CONNECTICUT LAW REVIEW

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1 CONNECTICUT LAW REVIEW VOLUME 47 MAY 2015 NUMBER 4 Note STEERING A SAFE COURSE IN ADMIRALTY REMOVAL JURISDICTION AFTER THE 2011 FEDERAL COURTS JURISDICTION AND VENUE CLARIFICATION ACT CHARLES MODZELEWSKI Federal jurisdiction over admiralty actions originates in the United States Constitution. Congress, in the admiralty jurisdiction statute, pursuant to what is commonly referred to as the saving to suitors clause, reserved to plaintiffs in admiralty actions the option of pursuing remedies in state court. However, in 2011, Congress enacted the Federal Courts Jurisdiction and Venue Clarification Act (JVCA), which changed key language in the federal removal statute. The JVCA amendment has been interpreted by certain courts in a manner that has allowed removal of general maritime actions from state court to federal court, which is contrary to admiralty jurisprudence. Not only is the removal of general maritime actions contrary to precedent, but the removal of general maritime claims to federal courts would eviscerate the saving to suitors clause, an action that would fundamentally alter admiralty jurisdiction. As the saving to suitors clause would be eviscerated, interpreting the 2011 Federal Courts Jurisdiction and Venue Clarification Act to allow the removal of general maritime actions from state court to federal court is erroneous. 1153

2 NOTE CONTENTS I. INTRODUCTION II. ADMIRALTY JURISDICTION AND REMOVAL PRIOR TO THE FEDERAL COURTS JURISDICTION AND VENUE CLARIFICATION ACT OF III. THE FEDERAL COURTS JURISDICTION AND VENUE CLARIFICATION ACT OF IV. CASES INTERPRETING THE FEDERAL COURTS JURISDICTION AND VENUE CLARIFICATION ACT OF 2011 AND THE SAVING TO SUITORS CLAUSE A. A NUMBER OF COURTS HAVE INTERPRETED THE JVCA AMENDMENT AS ALLOWING THE REMOVAL OF GENERAL MARITIME CLAIMS B. THE JVCA SHOULD BE INTERPRETED AS HAVING NO EFFECT ON THE ABILITY OF GENERAL MARITIME CLAIMS TO BE REMOVED TO FEDERAL COURT V. THE 2011 JVCA AMENDMENT SHOULD NOT BE INTERPRETED AS HAVING AN EFFECT ON THE REMOVABILITY OF GENERAL MARITIME CLAIMS VI. CONCLUSION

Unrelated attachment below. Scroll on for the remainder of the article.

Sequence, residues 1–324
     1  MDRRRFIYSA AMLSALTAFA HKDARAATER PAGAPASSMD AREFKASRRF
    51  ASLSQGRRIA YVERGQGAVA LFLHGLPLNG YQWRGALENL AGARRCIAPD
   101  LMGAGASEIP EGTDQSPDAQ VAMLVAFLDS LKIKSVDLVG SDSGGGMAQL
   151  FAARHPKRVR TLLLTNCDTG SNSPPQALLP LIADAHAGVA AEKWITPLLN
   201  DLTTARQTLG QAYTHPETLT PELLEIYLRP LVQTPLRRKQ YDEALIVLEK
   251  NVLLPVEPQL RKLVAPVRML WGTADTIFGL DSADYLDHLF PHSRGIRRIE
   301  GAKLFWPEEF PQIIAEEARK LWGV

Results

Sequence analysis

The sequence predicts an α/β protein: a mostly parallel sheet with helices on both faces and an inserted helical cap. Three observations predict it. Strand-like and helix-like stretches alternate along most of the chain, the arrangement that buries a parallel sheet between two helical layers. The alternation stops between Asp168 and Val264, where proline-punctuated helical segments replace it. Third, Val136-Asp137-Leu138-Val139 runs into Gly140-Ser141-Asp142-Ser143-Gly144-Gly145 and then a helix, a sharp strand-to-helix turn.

3 STEERING A SAFE COURSE IN ADMIRALTY REMOVAL JURISDICTION AFTER THE 2011 FEDERAL COURTS JURISDICTION AND VENUE CLARIFICATION ACT CHARLES MODZELEWSKI Maritime law is not a monistic system. The State and Federal Governments jointly exert regulatory powers today as they have played joint roles in the development of maritime law throughout our history. 1 I. INTRODUCTION Litigation is preferably avoided, but when litigation becomes inevitable, jurisdiction is one of the first and most important considerations when filing a lawsuit. Choosing between a state and federal forum has important ramifications for all parties involved, whether one is the plaintiff or the defendant. In certain circumstances the defendant may even play a role in choosing the litigation forum, through removing an action filed in state court to federal court. If jurisdictional law is unsettled or unclear, plaintiffs and defendants alike will be confused as to which fora are available, and whether they will be able to bring suit in the forum of their choice. A situation such as this can increase the cost of a lawsuit, by requiring motions and pleadings to simply establish the court in which the lawsuit will occur, while also decreasing judicial efficiency by requiring courts to attempt to clarify the jurisdictional law. Admiralty jurisdiction is currently facing such a situation due to the recent amendment to the federal removal statute. While jurisdiction is important in all lawsuits, jurisdiction is critically important in admiralty 2 actions because it is determinative of special rights, remedies, and procedures available to the parties involved. This Note aims to navigate through the confusion regarding the recent amendment to the removal statute, and demonstrate how only one interpretation of the federal removal statute is correct. University of Connecticut, B.A. 2013, University of Connecticut School of Law, J.D. Candidate I would like to thank the editors of the Connecticut Law Review for all their effort and hard work in editing my Note. I would also like to thank Professor Robert Birmingham for suggesting this Note topic to me and for offering his advice. Additionally, I would like to thank my family for supporting me in all my endeavors. 1 Romero v. Int l Terminal Operating Co., 358 U.S. 354, 374 (1959) (Frankfurter, J.). 2 For the purposes of this Note, I will use the term admiralty to refer to admiralty and maritime claims broadly unless specifically noted.